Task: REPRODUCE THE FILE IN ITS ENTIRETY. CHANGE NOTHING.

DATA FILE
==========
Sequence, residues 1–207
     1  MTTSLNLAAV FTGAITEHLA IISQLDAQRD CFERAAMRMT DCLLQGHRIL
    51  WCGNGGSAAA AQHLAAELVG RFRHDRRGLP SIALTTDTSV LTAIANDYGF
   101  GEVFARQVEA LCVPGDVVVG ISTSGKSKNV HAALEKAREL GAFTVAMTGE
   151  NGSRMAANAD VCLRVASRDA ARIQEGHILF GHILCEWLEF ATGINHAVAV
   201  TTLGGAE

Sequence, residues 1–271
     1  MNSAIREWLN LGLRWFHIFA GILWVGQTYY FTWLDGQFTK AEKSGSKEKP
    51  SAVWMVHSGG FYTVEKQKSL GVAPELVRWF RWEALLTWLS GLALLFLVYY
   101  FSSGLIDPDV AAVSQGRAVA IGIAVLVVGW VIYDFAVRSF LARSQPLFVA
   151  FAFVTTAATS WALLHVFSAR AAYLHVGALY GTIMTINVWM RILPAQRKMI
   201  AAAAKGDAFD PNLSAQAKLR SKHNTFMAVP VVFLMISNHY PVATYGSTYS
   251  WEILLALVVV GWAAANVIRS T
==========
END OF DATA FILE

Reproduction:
Sequence, residues 1–207
     1  MTTSLNLAAV FTGAITEHLA IISQLDAQRD CFERAAMRMT DCLLQGHRIL
    51  WCGNGGSAAA AQHLAAELVG RFRHDRRGLP SIALTTDTSV LTAIANDYGF
   101  GEVFARQVEA LCVPGDVVVG ISTSGKSKNV HAALEKAREL GAFTVAMTGE
   151  NGSRMAANAD VCLRVASRDA ARIQEGHILF GHILCEWLEF ATGINHAVAV
   201  TTLGGAE

Sequence, residues 1–271
     1  MNSAIREWLN LGLRWFHIFA GILWVGQTYY FTWLDGQFTK AEKSGSKEKP
    51  SAVWMVHSGG FYTVEKQKSL GVAPELVRWF RWEALLTWLS GLALLFLVYY
   101  FSSGLIDPDV AAVSQGRAVA IGIAVLVVGW VIYDFAVRSF LARSQPLFVA
   151  FAFVTTAATS WALLHVFSAR AAYLHVGALY GTIMTINVWM RILPAQRKMI
   201  AAAAKGDAFD PNLSAQAKLR SKHNTFMAVP VVFLMISNHY PVATYGSTYS
   251  WEILLALVVV GWAAANVIRS T